This REALLY Bugs Me!
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An Ebay seller trying to take advantage of an NGC "clerical error".

 

As an 8 reales collector, I frequently browse the Ebay listings for these coins. Several months ago I saw a NGC certified 1783 Mo FM listed. Now, for those in the know, this is the rarest of the series and no graded examples are in NGC's or PCGS's census. The photos clearly shows severe seawater damage over the assayers initials. I might admit that the second initial looks more like an "M" than an "F" but it would be easy to fake given the overall damage in the area. It's been relisted several times and is currently listed. Fortunately, nobody has bought it.

 

Here are two of the listing's photos. I'm certain it's a clerical error. What do you think?

13616.jpg

 

See more journals by jgenn

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At least the seller provided high resolution images of the coin -- here's the reverse.

 

$(KGrHqMOKpIFGLw49p3RBRkSg-7p5Q~~60_57.JPG

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Are you suggesting there were no FM's on the El Cazador therefore there is no way this could be a FM?

 

Just curious.

 

 

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Hi wdrob, No, I'm not suggesting that there were none -- just that a grader should assume that a coin with so much damage to the assayers initials would be the much more common type. ~Jack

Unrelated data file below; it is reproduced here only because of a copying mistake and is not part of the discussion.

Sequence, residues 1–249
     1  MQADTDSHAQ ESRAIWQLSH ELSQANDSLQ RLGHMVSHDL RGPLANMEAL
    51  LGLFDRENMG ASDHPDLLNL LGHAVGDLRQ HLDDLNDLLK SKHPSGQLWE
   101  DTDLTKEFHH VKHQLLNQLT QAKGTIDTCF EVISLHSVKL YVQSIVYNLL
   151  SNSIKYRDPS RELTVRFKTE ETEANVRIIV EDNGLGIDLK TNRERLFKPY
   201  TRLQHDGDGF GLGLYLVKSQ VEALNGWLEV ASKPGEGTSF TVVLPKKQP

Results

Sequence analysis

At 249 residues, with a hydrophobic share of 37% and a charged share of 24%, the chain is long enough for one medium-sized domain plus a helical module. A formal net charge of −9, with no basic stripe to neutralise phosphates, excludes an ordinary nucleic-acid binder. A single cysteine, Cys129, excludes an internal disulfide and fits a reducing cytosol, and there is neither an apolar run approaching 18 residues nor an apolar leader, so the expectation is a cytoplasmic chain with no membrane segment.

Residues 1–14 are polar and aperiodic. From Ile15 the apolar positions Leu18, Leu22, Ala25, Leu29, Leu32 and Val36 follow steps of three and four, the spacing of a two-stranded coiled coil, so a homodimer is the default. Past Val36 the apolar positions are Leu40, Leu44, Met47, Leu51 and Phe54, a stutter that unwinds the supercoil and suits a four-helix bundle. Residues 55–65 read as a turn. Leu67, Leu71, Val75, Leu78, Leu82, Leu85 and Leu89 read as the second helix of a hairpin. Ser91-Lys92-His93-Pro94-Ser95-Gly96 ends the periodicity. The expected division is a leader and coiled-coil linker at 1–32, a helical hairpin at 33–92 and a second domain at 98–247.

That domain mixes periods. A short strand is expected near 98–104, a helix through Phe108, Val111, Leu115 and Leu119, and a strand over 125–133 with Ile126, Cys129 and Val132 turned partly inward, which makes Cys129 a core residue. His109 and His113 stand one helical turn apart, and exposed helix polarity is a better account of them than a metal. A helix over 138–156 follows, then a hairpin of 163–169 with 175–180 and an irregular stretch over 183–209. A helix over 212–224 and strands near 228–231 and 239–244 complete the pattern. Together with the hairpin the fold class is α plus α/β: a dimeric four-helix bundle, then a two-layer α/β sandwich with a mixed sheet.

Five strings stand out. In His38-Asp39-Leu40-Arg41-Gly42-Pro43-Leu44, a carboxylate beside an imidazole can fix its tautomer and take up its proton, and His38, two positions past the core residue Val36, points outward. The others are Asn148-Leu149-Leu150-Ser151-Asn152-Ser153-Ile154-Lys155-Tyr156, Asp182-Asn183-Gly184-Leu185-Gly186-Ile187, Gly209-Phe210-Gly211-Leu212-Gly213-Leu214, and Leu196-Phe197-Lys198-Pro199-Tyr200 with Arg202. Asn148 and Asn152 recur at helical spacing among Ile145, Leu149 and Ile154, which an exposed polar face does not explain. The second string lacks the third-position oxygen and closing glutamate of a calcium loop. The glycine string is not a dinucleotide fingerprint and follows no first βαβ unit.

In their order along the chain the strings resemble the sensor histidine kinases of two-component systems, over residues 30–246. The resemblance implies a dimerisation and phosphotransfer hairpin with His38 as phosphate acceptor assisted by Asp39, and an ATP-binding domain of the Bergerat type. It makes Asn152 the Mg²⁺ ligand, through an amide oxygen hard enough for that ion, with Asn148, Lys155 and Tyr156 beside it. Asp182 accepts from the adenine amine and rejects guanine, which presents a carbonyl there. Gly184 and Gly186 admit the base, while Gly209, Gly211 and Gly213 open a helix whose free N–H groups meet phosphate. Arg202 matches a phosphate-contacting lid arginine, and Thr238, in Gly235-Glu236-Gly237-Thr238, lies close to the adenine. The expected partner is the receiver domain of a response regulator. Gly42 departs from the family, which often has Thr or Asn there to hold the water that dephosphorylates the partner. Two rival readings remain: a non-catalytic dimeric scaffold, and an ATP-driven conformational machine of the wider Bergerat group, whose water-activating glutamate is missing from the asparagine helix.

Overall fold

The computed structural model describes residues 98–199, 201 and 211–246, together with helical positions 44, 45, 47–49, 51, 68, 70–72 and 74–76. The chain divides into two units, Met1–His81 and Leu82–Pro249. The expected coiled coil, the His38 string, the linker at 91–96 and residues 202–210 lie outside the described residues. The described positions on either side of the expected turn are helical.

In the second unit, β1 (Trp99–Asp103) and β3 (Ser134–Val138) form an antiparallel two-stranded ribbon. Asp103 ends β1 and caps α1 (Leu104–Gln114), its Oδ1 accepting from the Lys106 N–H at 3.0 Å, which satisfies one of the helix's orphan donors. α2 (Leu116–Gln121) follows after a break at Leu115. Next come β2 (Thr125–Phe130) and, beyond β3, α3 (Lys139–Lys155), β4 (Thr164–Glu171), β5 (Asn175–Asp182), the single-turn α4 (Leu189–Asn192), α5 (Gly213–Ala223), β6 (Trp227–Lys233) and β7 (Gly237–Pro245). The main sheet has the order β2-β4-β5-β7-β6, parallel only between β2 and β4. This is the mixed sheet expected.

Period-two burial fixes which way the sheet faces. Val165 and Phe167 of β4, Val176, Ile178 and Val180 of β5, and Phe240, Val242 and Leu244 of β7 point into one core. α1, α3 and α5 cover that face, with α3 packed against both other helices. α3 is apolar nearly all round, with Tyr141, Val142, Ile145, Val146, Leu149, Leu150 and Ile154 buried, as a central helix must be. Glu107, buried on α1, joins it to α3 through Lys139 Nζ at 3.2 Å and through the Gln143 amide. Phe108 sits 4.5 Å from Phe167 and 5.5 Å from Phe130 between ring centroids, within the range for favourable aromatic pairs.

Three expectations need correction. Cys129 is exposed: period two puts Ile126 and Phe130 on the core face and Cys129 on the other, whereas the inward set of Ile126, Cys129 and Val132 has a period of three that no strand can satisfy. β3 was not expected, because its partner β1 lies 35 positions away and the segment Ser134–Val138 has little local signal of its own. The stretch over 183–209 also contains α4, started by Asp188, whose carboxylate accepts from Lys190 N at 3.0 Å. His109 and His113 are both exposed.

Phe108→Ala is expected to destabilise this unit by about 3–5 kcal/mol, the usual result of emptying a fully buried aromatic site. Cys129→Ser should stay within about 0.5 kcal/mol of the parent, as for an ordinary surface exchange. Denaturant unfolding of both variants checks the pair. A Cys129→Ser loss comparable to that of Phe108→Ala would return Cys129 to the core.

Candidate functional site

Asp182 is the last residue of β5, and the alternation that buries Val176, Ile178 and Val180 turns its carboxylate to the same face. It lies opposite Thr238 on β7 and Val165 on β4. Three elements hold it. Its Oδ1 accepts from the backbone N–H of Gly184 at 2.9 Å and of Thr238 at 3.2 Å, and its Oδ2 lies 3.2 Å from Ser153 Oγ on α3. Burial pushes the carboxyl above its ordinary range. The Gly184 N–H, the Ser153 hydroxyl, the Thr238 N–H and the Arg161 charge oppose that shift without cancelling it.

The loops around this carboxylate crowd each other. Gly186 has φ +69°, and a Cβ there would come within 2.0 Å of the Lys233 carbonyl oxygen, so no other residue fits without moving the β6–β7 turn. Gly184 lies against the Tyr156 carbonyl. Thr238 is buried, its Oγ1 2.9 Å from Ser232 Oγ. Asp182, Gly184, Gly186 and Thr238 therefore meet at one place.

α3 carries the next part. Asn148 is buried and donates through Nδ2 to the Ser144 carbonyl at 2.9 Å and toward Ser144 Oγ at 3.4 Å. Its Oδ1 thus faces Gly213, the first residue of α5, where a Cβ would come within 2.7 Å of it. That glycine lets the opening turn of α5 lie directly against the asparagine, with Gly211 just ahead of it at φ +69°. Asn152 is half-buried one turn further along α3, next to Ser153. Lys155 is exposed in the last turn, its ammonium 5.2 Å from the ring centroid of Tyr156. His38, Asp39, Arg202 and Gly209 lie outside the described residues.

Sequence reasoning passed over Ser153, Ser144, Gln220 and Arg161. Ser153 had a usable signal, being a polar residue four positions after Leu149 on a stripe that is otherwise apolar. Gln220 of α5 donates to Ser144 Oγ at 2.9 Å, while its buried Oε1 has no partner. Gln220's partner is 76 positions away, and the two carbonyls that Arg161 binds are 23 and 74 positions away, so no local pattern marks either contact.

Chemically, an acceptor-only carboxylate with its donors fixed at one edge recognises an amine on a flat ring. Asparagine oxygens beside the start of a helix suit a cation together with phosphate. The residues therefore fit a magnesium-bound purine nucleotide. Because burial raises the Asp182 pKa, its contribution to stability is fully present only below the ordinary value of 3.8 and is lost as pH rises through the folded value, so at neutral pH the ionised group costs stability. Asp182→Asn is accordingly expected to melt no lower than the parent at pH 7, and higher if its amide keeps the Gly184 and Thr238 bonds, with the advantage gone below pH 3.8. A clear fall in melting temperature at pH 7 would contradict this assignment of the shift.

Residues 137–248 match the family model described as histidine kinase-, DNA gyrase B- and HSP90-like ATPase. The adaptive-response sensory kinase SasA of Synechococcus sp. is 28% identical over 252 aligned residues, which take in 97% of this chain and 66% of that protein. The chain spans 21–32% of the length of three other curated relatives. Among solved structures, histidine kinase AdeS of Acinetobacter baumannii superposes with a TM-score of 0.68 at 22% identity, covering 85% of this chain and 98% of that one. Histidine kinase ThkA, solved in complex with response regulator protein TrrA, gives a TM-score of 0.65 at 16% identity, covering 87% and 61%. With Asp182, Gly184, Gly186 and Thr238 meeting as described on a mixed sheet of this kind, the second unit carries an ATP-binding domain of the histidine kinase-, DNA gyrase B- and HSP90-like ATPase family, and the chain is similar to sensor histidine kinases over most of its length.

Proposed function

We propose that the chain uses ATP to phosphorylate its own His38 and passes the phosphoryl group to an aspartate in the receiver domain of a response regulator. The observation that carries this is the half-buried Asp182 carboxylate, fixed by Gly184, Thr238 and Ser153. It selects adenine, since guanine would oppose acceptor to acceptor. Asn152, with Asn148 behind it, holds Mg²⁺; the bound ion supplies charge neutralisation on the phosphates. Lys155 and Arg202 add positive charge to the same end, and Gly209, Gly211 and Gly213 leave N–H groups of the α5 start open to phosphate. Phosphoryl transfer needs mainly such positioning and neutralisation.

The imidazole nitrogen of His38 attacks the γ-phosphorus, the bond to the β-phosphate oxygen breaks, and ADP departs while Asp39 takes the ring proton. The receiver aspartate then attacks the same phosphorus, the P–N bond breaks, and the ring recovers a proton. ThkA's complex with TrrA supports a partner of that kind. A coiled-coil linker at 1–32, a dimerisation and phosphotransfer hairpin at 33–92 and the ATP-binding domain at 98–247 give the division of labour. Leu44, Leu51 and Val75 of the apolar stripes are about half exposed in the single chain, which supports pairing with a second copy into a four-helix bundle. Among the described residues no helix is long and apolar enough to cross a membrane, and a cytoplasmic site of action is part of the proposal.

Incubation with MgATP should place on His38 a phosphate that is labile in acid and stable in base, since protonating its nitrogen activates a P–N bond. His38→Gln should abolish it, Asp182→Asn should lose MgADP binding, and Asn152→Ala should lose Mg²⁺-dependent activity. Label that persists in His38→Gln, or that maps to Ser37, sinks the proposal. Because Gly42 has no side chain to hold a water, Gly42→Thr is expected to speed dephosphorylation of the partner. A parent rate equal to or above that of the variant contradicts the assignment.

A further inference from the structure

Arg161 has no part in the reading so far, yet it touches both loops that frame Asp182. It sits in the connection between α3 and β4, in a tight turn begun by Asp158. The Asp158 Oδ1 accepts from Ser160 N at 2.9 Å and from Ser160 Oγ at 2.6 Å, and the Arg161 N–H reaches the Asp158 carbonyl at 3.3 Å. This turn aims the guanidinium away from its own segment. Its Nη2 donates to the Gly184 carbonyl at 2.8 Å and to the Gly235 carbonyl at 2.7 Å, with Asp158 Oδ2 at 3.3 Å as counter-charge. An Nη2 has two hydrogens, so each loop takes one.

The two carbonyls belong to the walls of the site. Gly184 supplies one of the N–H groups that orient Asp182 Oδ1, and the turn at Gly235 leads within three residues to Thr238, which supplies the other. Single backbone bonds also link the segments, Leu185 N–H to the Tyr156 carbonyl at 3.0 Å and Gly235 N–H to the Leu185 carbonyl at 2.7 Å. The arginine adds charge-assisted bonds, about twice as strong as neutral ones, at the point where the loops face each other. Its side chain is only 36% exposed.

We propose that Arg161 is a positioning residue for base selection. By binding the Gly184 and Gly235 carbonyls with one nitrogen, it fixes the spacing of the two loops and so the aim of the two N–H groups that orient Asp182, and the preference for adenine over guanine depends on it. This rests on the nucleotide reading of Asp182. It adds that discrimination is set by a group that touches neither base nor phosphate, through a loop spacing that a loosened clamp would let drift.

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I agree 100%. I took that picture and rotated it and studied it and to be honest I can't see anything that would lead one to the conclusion that it is a FM unless 1.) like you said it was a clerical error that this individual is going to try to exploit 2.) or there is some other ways of determining an FM other than the FM it's self.

 

I even tried to go Negative in the viewing of the picture and still can't even see what you see. I was just curios if there was FM's on board since I was under the impression prior that there were indeed. That example leaves allot to be desired in my opinion.

 

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Also note that NGC did not certify that this is from the El Cazador. It could be from any type of saltwater damage.

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True. I noticed that as well. Maybe it was not from that wreck at all.

 

I have a nice FF and wish it was an FM. It has not been graded though. Just authenticated Genuine.

 

I guess you have to send it back through to get a slab like that one with the grading guidelines noted here

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Simply send an e-mail to NGC explaining the clerical error of this coin. They will investigate and if necessary change the information they hold in their database. If this coin is for sale on EBAY they will contact the seller about the clerical error.

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When I first saw this coin on Ebay I checked its certification and used the link to email ConsumerAwareness@ngccoin.com about my concerns. The certification info has not changed and the seller has reposted this coin two or three times since so I don't think my opinion had any impact.